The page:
Tube To Table Podcast Episode 6: First Things First

May 15, 2019

Posted in: Feeding, Feeding Tube Weaning, Tube To Table Podcast

This week’s episode of the Tube To Table Podcast focuses on the specific progression from feeding tube dependency to eating orally. Your hosts, Heidi and Jennifer, will walk you through the five crucial steps that the Thrive by Spectrum Pediatrics Tube Weaning Program focuses on when working with families who are ready to start their journey to being tube-free.

You can download this episode from ItunesStitcher, Spotify, Google Play, or listen to it below:


This is a time where you should start to minimize or eliminate anything that may be causing your child to have a negative association with food or mealtimes. 

  • Look at any medical issues that could be causing feedings to be uncomfortable or scary for your child. Talk with your medical team about what can happen from a medical standpoint to make feedings more positive for your child.
  • There should be no EXTERNAL pressure to eat. This is the time to take a step back from any mealtime situations or therapy that is focusing on the child may perceive as pressure. Talk to your caregivers or therapist about how you can change some of the strategies or therapy that is causing the child to pull away. 
  • Unfortunately, it is very common in feeding therapy to focus on external motivations such as distractions or rewards. We recently wrote a blog post about the dangers of behavioral feeding therapy. When a child is eating for an external reason, it sends the message that food is “work” and that they “need” a reward or a prize to eat. This message that food is something they need to “work to overcome” is dangerous and the wrong message for a child to hear during mealtimes. 


Once you have eliminated any medical complications, pressure during mealtimes, and any harmful therapy strategies, it is crucial that the focus turns to building trust around food and mealtimes.

  • Child-directed food play is extremely helpful in overcoming aversions and learning about food. This is not meant to be a time to “work” on food or pressure your child to do certain things with the food. This is meant to allow your child to engage in food exploration. 
  • Take a break. Giving your child a break from what they are expected to do and allow them to be independent with their exploration. This is one of the HARDEST phases because parents often feel as though they are doing nothing, yet this is one of the most VALUABLE parts of your journey. 
  • Allow your child to refuse. When children are allowed to refuse, it feels safe. It is important to accept the refusal and not override it.  


This phase helps to set the stage for life-long, healthy eating. The focus of a mealtime should be togetherness and enjoyment, rather than the bites your child takes or a breakdown of what they are eating. If a child learns that mealtimes are relaxed and fun, even if they are not yet eating, they are able to feel safe and learn that mealtimes are a positive experience rather than scary.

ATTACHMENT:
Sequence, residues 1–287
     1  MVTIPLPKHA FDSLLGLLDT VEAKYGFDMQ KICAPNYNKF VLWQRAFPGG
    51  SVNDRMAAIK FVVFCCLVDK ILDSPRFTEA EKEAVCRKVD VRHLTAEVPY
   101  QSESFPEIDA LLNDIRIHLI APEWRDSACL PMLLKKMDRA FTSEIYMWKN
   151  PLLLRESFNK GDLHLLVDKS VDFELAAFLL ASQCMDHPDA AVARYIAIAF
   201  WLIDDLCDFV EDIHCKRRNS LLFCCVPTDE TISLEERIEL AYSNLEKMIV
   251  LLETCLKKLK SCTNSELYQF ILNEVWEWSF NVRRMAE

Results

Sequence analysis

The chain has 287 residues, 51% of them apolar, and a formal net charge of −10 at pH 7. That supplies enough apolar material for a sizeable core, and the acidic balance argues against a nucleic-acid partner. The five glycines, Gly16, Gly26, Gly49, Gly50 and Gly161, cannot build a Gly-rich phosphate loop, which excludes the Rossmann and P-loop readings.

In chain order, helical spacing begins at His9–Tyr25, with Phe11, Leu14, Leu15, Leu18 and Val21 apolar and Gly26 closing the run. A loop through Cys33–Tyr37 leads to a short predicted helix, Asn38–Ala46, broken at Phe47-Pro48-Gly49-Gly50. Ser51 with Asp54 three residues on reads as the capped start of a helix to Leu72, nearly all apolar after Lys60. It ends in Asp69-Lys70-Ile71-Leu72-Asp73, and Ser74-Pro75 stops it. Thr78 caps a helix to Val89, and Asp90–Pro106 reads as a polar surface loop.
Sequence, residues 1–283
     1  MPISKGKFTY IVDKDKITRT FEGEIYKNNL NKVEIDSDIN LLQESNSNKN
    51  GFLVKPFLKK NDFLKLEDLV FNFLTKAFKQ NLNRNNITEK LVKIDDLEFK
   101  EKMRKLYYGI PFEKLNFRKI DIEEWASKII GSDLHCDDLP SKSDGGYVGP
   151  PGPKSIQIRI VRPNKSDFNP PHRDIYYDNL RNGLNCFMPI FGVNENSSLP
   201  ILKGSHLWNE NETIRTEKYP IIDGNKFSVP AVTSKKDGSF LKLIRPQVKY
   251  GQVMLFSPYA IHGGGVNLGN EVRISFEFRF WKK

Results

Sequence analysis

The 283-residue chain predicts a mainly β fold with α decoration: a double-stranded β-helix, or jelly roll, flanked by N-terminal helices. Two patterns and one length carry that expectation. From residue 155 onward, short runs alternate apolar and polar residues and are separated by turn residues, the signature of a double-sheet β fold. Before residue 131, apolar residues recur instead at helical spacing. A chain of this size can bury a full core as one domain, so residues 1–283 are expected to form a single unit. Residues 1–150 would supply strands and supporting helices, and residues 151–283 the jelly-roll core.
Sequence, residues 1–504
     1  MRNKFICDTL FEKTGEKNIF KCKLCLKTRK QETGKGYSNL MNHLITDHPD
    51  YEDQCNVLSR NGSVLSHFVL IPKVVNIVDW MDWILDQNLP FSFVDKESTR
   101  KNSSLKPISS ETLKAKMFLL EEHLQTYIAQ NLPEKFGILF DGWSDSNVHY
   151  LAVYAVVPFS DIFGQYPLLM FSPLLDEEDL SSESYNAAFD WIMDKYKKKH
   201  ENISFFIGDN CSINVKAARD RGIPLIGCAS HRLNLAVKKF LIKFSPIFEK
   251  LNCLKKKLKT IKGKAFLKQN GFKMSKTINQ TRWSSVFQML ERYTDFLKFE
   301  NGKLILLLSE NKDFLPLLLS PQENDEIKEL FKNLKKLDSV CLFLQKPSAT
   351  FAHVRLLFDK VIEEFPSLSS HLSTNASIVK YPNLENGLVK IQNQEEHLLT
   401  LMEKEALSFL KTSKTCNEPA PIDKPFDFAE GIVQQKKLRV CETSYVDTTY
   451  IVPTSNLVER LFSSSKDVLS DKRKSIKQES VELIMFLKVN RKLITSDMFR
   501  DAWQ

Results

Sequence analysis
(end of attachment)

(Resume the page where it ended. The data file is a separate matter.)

• The research shows that families who eat together and have happy mealtimes have longer term health benefits. This does not have to be every night, but making a regular time together however that makes sense for your family. 
  • Mealtime discussions should not be focused on food or trying to “sell” food to your child. Think about your experience out to dinner, it is likely that the conversation is rarely focused solely on the food and how much or what you are eating. 
  • There are resources out there to help families with conversation starters and topics to discuss at mealtimes for children of all different ages.


Children need to learn to listen to their body and be given the opportunity to self-regulate. When children can listen to what their body needs around food, it develops a life-long positive and healthy relationship with food.

  • Internal drives for eating include hunger, taste, comfort, curiosity, and togetherness. It is crucial to allow all of these to emerge while your child is becoming an oral eater.  
  • The Thrive Tube Weaning Program allows for your child to experience hunger within the medical parameters set with your medical team. To learn more about why learning to eat in the context of hunger is so important, listen to our Week 3 Episode.


When children are born, they have a natural drive to learn how to eat. There are initial reflexes as an infant, then as hunger comes into the process, the child has repeated successful and comfortable experiences with eating, which help a child continue to learn and develop skills. These skills become automatic with repeated experiences.

  • In many therapies, the focus is to improve oral skills BEFORE they are hungry. Therefore, the skills are not learned in a meaningful environment. If it is only meaningful for the adult and not the child, the skill development will be extremely limited.  
  • Eating skills can often fall behind developmental skills for a child who is tube fed. If a child is in a certain developmental level with gross and fine motor skills, with the internal motivation and repeated experiences, their feeding skills can typically develop to the same level.
  • If you are having a difficult time with these skills progressing, it is important to make sure that while learning these skills, therapy is still child-directed and takes a responsive feeding approach.


This is the last, and our favorite, phase of the tube-weaning journey. This is a time where your child can thrive, grow, and gain when they feel safe and eating is meaningful and positive. Family mealtimes become more manageable and focus on togetherness, while a child is able to participate in mealtimes and enjoy food! 

We have an exciting topic next week, so stay tuned!